After all, it's not just Greece we're talking about here but the euro area as a whole. And many seem to believe that the crisis in and over Greece has cast doubts over the very process of European integration. But I do not share that view. The proper response, in my view, is not less, but more, integration. And we took a major step towards deeper integration by launching the European banking union.
But we need to look beyond the banking sector and train our sights on the capital markets as well. Extending and integrating the capital markets can also contribute to shoring up the foundations underpinning monetary union. After all, a common currency needs integrated financial markets to thrive.
This idea of a capital markets union has increasingly taken shape in recent months. Back in February, the European Commission presented a green paper outlining a framework for a European capital markets union. The Bundesbank sees the capital markets union as a sensible project that is conducive to deepening European financial integration further still - not only in the euro area but across the European Union.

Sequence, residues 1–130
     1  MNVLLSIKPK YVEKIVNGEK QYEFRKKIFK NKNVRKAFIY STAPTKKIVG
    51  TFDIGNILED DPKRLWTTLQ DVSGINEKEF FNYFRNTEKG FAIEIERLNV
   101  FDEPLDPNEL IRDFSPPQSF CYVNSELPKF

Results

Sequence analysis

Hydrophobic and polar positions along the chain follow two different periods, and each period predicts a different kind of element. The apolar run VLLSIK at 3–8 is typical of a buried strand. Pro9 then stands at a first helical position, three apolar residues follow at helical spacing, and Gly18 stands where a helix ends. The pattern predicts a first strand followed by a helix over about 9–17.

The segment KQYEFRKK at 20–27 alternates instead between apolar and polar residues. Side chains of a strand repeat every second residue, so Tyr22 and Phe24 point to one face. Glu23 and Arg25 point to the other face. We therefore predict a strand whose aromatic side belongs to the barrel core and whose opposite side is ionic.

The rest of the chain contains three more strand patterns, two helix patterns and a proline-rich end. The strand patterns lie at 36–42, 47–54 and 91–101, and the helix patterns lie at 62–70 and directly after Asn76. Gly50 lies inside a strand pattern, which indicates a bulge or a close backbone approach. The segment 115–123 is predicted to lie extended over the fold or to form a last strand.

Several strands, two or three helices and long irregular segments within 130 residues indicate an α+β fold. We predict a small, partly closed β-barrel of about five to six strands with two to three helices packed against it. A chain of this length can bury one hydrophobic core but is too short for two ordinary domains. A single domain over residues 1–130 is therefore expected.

3. Diversification - strengthening the capital markets
The European capital markets unionessentially sets out to achieve two goals. First, to strengthen the role played by the capital markets in funding the real economy. Second, to deepen capital market integration across national borders.
The idea behind the European capital markets union is not to give up on bank-based financing, but to harness capital market financing as an add-on. And Europe still offers plenty of potential in this respect. Measured in terms of economic output, the US equity market is more than one-and-a-half times the size of its European counterpart, while the US venture capital market is five times the size of that in Europe, and the US securitisation market is larger still than the European market.